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Castlight Health presents their vision of health care consumerism at Strata Rx
The stress of falling seriously ill often drags along the frustration of having no idea what the treatment will cost. We’ve all experienced the maddening stream of seemingly endless hospital bills, and testimony by E-patient Dave DeBronkart and others show just how absurd U.S. payment systems are.
Castlight casts its work in the framework of a service to employers and consumers. But make no mistake about it: they are a data-rich research operation, and their consumers become empowered patients (e-patients) who can make better choices.
As Arjun Kulothungun, John Zedlewski, and Eugenia Bisignani wrote to me, “Patients become empowered when actionable information is made available to them. In health care, like any other industry, people want high quality services at competitive prices. But in health care, quality and cost are often impossible for an average consumer to determine. We are proud to do the heavy lifting to bring this information to our users.”
Following are more questions and answers from the speakers: Read more…
A call for data scientists, technologists, health professionals, and business leaders to convene.
We are launching a conference at the intersection of health, health care, and data. Why?
Our health care system is in crisis. We are experiencing epidemic levels of obesity, diabetes, and other preventable conditions while at the same time our health care system costs are spiraling higher. Most of us have experienced increasing health care costs in our businesses or have seen our personal share of insurance premiums rise rapidly. Worse, we may be living with a chronic or life-threatening disease while struggling to obtain effective therapies and interventions — finding ourselves lumped in with “average patients” instead of receiving effective care designed to work for our specific situation.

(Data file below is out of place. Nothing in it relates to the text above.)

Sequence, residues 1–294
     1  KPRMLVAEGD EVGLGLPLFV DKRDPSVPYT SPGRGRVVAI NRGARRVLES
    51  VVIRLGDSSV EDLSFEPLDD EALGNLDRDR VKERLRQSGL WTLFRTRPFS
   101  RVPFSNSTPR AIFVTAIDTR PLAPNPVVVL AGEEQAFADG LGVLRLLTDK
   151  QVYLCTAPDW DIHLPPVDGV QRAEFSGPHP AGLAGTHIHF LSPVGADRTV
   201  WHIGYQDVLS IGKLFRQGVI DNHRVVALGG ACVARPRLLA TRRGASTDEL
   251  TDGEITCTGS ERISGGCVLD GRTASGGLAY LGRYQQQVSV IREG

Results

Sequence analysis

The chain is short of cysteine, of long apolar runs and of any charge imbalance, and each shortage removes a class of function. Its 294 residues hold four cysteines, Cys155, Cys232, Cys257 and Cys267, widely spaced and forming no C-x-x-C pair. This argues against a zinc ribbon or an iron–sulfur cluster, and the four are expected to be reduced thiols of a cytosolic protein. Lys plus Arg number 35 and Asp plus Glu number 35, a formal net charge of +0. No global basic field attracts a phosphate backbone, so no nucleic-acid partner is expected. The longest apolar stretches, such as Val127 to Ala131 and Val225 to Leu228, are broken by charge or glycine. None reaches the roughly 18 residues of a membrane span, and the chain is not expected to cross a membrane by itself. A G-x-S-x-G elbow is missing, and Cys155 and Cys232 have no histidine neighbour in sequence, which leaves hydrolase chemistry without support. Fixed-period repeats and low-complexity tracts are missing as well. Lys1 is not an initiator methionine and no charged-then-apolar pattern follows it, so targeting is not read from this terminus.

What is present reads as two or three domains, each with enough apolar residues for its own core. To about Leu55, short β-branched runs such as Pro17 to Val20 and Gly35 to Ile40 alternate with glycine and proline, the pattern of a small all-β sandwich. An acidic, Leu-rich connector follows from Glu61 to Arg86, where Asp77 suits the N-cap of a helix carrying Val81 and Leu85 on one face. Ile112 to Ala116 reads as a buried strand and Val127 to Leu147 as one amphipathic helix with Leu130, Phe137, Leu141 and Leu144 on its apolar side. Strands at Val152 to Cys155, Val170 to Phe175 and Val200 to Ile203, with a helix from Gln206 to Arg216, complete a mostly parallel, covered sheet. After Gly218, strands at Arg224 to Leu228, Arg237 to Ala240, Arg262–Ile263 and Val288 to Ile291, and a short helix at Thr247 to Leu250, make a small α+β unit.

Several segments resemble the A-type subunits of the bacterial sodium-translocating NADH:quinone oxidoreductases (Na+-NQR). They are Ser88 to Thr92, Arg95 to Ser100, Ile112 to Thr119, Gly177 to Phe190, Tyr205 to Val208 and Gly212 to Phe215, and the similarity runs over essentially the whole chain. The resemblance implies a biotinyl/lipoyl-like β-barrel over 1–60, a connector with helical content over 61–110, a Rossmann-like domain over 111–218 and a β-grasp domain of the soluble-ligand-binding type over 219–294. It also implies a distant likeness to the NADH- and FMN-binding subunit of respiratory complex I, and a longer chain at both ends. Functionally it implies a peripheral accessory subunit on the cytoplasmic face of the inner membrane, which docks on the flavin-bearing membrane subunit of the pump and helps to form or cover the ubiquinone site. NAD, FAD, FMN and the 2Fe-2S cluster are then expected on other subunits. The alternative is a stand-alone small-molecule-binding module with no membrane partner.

In short, particularly in the United States, we are paying too much for too much care of the wrong kind and getting poor results. All the while our diet and lifestyle failures are demanding even more from the system. In the past few decades we’ve dropped from the world’s best health care system to the 37th, and we seem likely to drop further if things don’t change.
The very public fight over the Affordable Care Act (ACA) has brought this to the fore of our attention, but this is a situation that has been brewing for a long time. With the ACA’s arrival, increasing costs and poor outcomes, at least in part, are going to be the responsibility of the federal government. The fiscal outlook for that responsibility doesn’t look good and solving this crisis is no longer optional; it’s urgent.
There are many reasons for the crisis, and there’s no silver bullet. Health and health care live at the confluence of diet and exercise norms, destructive business incentives, antiquated care models, and a system that has severe learning disabilities. We aren’t preventing the preventable, and once we’re sick we’re paying for procedures and tests instead of results; and those interventions were designed for some non-existent average patient so much of it is wasted. Later we mostly ignore the data that could help the system learn and adapt.
It’s all too easy to be gloomy about the outlook for health and health care, but this is also a moment of great opportunity. We face this crisis armed with vast new data sources, the emerging tools and techniques to analyze them, an ACA policy framework that emphasizes outcomes over procedures, and a growing recognition that these are problems worth solving.
A glimpse into enterprise use of big data.
Feedback from a recent Strata Online Conference suggests there's a large demand for clear information on what big data is and how it will change business.
Smart companies use data to ask the right questions and take swift action.
Alistair Croll looks at how data is shaping consumer expectations and how those expectations, in turn, are shaping businesses. He also examines where business intelligence stops and big data starts.
Even if you have petabyes of data, you still need to know how to ask the right questions to apply it.
Today's big companies are losing to small upstarts simply because those firms ask better questions. To compete, large enterprises need to learn how to harvest the data they have on customers, markets, competitors, and products.
Applications for Strata's startup showcase are due by Friday, Jan. 21.
Strata's startup showcase is a great opportunity for data-oriented startups to get exposure, feedback and the chance to pitch on the main stage. But hurry because entries close this Friday (Jan. 21).
Get your submission in for the Strata Conference Science Fair by January 14.
Strata's science fair will showcase the creative edges of big data. If you have an interesting tool or technology to show — the more beta, the better — let us know.